How a Permeate Pump Works with a Reverse Osmosis System

Posted by
John Woodard on December 18, 2018

A permeate pump increases the efficiency and productivity of a reverse osmosis system. Without a permeate pump, a reverse osmosis (RO) system dispenses a lot of water to the drain and produces clean water at a slower rate. John Woodard, our Master Water Specialist, explains how this RO water pump can improve your reverse osmosis system.

What is a permeate pump?

A permeate pump is applied reverse osmosis (RO) system to save water sent to the drain and allow the system to operate at its highest efficiency. An RO system with a permeate pump produces a higher quality of water at a great flow rate. An RO with permeate pump installed saves up to 80% of the water to drain.

What is permeate in reverse osmosis?

In reverse osmosis, permeate is defined as the clean drinking water produced after RO membrane filtration. The permeate pump earns its name from its ability to speed up the production of clean water during reverse osmosis. 

The reverse osmosis membrane separates contaminants from the permeate water. The RO reject water (also called brine or concentrate) carries the contaminants away to the drain. The inlet and outlet of a permeate pump are labeled as "brine in" and "brine out" to show the separation of the potable water from the dirty water.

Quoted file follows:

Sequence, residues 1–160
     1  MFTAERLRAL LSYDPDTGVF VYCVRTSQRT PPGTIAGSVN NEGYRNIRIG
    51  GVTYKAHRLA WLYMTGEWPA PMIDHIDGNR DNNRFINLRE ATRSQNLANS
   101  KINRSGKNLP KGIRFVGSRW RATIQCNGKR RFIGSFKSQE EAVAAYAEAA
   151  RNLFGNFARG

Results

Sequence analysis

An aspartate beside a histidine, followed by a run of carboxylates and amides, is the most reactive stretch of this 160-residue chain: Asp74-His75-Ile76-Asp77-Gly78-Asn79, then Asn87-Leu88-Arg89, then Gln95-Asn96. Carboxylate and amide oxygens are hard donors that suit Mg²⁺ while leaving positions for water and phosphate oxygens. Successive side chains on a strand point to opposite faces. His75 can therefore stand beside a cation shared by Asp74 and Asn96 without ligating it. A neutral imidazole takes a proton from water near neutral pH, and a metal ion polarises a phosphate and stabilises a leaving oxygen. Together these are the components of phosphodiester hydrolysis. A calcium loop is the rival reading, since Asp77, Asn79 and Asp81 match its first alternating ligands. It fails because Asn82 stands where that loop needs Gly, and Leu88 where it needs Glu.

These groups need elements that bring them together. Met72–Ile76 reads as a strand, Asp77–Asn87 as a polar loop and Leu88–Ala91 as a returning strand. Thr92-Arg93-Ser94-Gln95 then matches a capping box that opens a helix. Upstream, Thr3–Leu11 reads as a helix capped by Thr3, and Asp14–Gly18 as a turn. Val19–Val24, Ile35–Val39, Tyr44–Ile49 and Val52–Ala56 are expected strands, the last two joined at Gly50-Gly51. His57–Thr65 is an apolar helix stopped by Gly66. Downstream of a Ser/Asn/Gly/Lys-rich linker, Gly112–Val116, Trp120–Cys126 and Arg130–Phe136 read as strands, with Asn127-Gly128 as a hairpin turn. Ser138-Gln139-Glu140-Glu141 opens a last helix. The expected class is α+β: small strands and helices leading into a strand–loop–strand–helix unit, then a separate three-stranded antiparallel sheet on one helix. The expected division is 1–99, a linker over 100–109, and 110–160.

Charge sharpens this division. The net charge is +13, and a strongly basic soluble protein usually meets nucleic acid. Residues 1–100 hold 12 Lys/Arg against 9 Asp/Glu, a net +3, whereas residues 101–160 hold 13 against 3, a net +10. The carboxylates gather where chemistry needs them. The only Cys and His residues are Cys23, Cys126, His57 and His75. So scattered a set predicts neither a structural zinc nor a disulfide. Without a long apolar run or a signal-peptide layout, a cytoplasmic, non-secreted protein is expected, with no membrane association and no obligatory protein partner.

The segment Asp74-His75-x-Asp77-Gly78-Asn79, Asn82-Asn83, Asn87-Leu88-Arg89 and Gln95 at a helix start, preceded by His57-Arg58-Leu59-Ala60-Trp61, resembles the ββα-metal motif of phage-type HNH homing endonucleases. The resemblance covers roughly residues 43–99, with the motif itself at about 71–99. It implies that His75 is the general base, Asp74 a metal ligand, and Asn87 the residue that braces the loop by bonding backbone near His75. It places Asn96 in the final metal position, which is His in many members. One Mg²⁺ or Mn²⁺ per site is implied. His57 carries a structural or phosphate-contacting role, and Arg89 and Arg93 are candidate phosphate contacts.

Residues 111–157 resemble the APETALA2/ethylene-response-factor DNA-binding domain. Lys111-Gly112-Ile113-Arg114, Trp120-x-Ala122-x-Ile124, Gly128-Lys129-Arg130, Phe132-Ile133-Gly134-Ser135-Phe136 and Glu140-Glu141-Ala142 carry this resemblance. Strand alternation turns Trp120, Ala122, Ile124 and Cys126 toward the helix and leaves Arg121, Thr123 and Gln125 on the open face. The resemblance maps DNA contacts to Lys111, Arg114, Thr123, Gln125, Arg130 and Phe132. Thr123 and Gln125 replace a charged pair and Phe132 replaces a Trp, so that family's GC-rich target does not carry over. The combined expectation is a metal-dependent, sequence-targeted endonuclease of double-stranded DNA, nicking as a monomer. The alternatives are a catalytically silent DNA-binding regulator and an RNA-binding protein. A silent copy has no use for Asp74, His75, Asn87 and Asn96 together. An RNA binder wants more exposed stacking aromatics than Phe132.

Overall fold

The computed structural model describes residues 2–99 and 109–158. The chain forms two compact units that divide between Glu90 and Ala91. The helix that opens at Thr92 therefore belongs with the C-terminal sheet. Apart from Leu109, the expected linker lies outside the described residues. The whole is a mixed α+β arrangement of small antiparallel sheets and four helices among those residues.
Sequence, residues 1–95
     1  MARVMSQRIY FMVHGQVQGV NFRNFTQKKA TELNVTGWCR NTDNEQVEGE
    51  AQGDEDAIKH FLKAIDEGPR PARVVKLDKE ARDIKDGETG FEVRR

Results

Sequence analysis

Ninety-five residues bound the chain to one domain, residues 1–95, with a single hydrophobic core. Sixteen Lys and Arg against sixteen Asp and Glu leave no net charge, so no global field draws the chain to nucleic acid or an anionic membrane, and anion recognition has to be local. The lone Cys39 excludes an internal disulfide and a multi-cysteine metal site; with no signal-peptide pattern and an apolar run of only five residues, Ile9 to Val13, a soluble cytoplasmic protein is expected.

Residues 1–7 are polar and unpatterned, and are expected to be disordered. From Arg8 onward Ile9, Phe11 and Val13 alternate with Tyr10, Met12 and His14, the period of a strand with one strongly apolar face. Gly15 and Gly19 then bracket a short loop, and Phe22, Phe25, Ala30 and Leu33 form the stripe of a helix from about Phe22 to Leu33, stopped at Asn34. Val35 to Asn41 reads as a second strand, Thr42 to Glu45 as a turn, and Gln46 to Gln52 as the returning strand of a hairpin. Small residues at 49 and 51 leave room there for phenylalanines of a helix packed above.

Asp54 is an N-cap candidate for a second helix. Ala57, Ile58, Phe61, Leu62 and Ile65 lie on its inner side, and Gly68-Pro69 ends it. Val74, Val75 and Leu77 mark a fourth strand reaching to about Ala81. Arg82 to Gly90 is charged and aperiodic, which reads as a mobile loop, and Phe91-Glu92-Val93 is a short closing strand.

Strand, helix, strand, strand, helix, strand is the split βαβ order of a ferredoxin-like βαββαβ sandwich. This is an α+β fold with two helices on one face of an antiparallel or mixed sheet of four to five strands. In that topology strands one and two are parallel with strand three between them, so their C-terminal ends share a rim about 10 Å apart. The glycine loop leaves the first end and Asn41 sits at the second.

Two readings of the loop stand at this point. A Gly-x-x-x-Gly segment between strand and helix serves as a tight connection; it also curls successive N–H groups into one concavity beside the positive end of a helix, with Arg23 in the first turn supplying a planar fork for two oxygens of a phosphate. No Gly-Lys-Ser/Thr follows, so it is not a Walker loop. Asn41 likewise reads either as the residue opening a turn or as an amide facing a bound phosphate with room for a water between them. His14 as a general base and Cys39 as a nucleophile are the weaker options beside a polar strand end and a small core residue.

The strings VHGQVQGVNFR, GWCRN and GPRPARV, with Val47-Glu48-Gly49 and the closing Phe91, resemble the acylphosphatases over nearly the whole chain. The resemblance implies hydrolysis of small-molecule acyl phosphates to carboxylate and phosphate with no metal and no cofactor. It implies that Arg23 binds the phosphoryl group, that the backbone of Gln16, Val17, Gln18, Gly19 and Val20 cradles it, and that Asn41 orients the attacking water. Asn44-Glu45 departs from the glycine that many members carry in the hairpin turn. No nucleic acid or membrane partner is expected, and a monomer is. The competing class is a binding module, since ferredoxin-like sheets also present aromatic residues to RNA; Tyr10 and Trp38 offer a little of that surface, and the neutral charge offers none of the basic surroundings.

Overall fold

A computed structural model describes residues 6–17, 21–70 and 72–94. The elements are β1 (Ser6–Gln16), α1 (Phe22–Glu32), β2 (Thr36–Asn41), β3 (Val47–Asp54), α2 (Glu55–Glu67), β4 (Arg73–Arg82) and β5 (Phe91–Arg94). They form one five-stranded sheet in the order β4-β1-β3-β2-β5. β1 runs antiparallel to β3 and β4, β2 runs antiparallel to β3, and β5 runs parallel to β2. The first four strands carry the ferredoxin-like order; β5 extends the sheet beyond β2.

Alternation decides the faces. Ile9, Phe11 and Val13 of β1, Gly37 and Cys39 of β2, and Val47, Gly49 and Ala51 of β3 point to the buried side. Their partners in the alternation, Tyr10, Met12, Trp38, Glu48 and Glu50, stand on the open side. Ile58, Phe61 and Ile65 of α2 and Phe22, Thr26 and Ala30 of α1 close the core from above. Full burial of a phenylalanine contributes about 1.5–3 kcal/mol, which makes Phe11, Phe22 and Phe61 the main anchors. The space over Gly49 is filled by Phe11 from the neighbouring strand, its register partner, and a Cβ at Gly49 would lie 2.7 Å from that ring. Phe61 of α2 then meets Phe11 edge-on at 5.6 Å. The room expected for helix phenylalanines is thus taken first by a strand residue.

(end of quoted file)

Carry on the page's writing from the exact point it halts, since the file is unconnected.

How permeate pumps work

The permeate pump stores the RO reject water or brine in a chamber and uses it as energy to send the permeate to the RO storage tank. As the drain water collects in the pump, it activates a piston that pushes the permeate water into the storage tank. This process prevents the water pressure in the tank from pushing against the RO membrane, improving the system's performance.

A permeate pump has an inlet and outlet for the brine and permeate on each side. The brine supplies the energy needed to send the water to the storage tank. 

  1. "Brine in": Reject water from reverse osmosis collects on the left side of the pump.
  2. "Brine out": The brine supplies energy for the pump and then flows through the outlet to the drain.
  3. "Permeate in": Permeate flow from the membrane collects through the inlet.
  4. "Permeate out": The permeate exits the pump and heads to the storage tank, propelled by the energy from the brine. 

Permeate pump diagram

Permeate pump in a reverse osmosis system

RO permeate pump vs. RO booster pump

An RO booster pump increases water pressure when it's too low for the RO membrane to operate. Permeate pumps are not designed to boost water pressure or deliver water but to help reverse osmosis systems save water. An RO booster pump boosts water pressure, while the RO permeate pump makes reverse osmosis more efficient.